The atom is full? Is this in anyway undermining quantum energy level, or its just my misinterpretation of your words?

Enthalpy(30/10/12)

When you state that 'orbitals' of the electrons are solid & extend over much of the so called 'empty' space of an atom, please explain what is the nature of these orbitals? My idea of these is that they are fields of electromagnetic force belonging to electrons.Your thoughts?

 

1351592276[/url]' post='711010']

Solidness is something that is much related to the scale you look at.

 

At the atomic scale, the atom is mostly empty.

At a little larger scale, it might be empty, but it is still very (very!!) difficult to push a second atom really close to the first atom. So, even though it is empty, the space is "claimed" already by that atom. The empty space around the nucleus really belongs to the atom which occupies it.

But the easiest way to answer your question is to bang your head against a brick wall. You will soon find out that this is in no way an illusion. It is very real, and very solid.

 

Remember that the definition does not say anything about whether it is empty or not:

sol·id/ˈsälid/

Adjective: Firm and stable in shape; not liquid or fluid: "frozen solid".

Noun: A substance or object that is solid rather than liquid or fluid.

You stated that it is very very difficult to push a second atom really close to the first atom (even though the space between an atom's nucleus & its electrons superficially appears to be empty). So my question is:- What force prevents (or repels) the second atom from comming close to the first atom? Is this force be the electromagnetic force of the electrons in the light of the fact that electrons are much closure to their counterparts in the second atom than to their own nucleus (keeping in mind that electrons are negatively charged & thus electrons in first atom repel the electrons in the second).Your thoughts?

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There's an electromagnetic force (and, at some level, degeneracy pressure) that keeps the atoms from co-locating. The existence of that force obviates the need for the hypothesis of "something" in that space.

 

By implication you are saying that electromagnetic force can exist without a force carrying particle but, experiments measure only one electromagnetic wavelength for each electron; when a group of electrons are measured by Composite Electron experiments each electron has its own wave fraction, there is no record of any electromagnetic wave being recorded between the electron waves of the group being measured. Where is the experimental evidence for waves between particle waves or for magnetic force not carried by waves.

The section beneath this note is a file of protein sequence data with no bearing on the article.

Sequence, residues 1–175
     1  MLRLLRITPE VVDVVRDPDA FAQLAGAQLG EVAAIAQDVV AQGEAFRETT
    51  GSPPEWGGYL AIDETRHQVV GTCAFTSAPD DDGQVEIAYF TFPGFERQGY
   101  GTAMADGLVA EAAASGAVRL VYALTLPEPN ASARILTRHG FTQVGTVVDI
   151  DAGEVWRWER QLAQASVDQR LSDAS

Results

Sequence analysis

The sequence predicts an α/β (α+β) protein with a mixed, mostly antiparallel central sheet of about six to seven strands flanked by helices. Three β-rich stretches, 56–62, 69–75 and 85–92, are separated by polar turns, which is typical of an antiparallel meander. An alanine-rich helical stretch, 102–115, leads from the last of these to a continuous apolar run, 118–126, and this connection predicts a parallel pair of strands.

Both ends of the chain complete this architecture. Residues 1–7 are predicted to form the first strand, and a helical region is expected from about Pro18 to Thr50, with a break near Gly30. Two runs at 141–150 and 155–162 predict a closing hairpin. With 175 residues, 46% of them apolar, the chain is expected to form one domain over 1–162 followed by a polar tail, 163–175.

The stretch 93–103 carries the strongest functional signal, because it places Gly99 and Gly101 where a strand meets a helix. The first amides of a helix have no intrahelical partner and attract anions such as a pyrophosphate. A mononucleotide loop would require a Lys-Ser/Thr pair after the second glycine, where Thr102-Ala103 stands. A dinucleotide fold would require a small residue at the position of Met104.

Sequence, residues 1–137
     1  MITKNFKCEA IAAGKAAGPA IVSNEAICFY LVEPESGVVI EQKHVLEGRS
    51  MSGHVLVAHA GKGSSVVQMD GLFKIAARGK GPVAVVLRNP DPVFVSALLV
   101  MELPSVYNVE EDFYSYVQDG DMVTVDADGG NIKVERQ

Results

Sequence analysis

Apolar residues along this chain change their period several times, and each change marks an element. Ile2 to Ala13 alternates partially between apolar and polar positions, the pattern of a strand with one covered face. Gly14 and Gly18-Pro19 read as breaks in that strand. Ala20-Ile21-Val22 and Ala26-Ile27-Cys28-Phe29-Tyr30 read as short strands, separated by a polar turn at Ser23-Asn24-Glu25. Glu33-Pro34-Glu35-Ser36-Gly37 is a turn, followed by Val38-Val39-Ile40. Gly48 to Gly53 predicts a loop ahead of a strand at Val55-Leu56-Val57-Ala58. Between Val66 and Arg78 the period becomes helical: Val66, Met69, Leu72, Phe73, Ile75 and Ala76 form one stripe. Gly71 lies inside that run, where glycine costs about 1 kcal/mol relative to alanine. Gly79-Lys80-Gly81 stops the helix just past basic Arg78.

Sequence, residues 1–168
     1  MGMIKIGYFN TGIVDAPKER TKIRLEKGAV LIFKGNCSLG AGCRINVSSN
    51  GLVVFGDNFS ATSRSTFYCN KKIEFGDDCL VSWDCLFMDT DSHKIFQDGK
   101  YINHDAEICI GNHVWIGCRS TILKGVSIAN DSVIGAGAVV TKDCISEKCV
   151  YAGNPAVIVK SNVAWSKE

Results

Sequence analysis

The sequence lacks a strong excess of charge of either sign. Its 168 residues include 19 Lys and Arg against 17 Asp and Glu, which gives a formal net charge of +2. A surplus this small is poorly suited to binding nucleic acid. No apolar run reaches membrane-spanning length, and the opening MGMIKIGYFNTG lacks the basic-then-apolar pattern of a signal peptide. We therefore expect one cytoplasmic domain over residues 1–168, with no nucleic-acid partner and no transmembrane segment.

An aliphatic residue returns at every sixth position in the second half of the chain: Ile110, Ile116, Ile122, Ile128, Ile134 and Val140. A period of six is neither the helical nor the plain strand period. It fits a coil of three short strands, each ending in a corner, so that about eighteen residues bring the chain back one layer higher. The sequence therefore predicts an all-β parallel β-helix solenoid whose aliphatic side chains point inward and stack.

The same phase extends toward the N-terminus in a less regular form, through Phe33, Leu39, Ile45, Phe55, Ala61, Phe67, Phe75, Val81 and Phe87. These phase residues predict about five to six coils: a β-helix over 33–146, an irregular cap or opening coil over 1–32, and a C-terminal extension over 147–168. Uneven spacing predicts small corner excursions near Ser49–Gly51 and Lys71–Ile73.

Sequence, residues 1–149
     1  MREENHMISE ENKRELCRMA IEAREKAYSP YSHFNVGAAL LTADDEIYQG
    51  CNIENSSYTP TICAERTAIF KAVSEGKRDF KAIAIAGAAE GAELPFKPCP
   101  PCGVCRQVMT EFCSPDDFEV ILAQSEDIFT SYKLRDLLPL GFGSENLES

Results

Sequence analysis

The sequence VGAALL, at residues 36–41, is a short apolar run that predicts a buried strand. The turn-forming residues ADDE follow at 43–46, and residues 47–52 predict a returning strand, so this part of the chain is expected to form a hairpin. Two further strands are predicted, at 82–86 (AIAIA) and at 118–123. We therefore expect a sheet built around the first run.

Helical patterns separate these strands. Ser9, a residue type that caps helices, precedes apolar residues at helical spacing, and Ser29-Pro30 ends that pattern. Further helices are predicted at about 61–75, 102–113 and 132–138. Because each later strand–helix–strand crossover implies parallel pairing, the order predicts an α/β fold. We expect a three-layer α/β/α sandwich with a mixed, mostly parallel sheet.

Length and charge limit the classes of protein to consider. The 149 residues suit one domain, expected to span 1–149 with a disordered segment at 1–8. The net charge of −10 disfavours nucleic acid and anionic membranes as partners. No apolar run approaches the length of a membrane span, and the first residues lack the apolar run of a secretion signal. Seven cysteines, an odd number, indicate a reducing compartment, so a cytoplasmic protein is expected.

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1351967247[/url]' post='711486']

No they aren't, electrons are particles.

 

 

 

No. Orbitals are only hydrogen-like wavefunctions [*]. Those orbitals only partially represent the state of an electron in an atom. They lack spin, electron-electron correlation and more quantum stuff...

 

[*] Some authors use a different definition of orbital as the region of volume that contains a certain amount of probability e.g. 90% of finding the electron.

 

You stated 'electrons inside the atom are not waves but particles only'. Does that mean that electrons behave as waves only when they are outside the confines of the atom I.e. floating as 'free agents' beyond the reach of ''attracting- force' of positively charged protons (as actually happens inside the 'plasma' of a FUSION REACTER or inside the 'plasma' of FUSION REACTION taking place in the core of the SUN?)Your thoughts?

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I think Juanrga means electrons are particles according to the QFT definition of a particle, ie an excitation or 'knot' if you will, in the fermionic quantum field.

Electrons can behave as classical particles or waves depending on the method of observation, but are by no means classical particles or waves.

 

Quantum field theory sees all spaces occupied by fermionic and bosonic quantum fields, including all space 'inside' an atom.

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1352060017[/url]' post='711606']

I think Juanrga means electrons are particles according to the QFT definition of a particle, ie an excitation or 'knot' if you will, in the fermionic quantum field.

Electrons can behave as classical particles or waves depending on the method of observation, but are by no means classical particles or waves.

 

Quantum field theory sees all spaces occupied by fermionic and bosonic quantum fields, including all space 'inside' an atom.

 

You stated that electrons can behave as classical particles or as classical waves depending upon the method of observation(i.e. depending upon the observer:- this last bit in bracket is mine add-on & not your's, just to make myself understand) but their inherent nature (my world & not your's :- just to make myself understand this difficult subject) is not that of either classical waves or that of classical particles. Would you be kind enough to elaborate on this (apparent ?) contradiction ? Thanks.

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Thanks y, I looked the two links you kindly provided.

 

Frankly, I'd dismiss the whole subject as complete gibberish - except that nuclear bombs exist, and have been detonated, so there must be something in it!

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1352130135[/url]' post='711701']

Thanks y, I looked the two links you kindly provided.

 

Frankly, I'd dismiss the whole subject as complete gibberish - except that nuclear bombs exist, and have been detonated, so there must be something in it!

 

Universe is an amazing construct of nature or whosoever. On the basis of present performance science has been the most successful enterprise of humanity to explain to humanity 'who, why & how' of this universe as compared to all the other enterprises of humanity to do the same.So we should not be dismissive & wait till some other future enterprise of humanity comes forward to give 'ABSOLUTE ANSWER.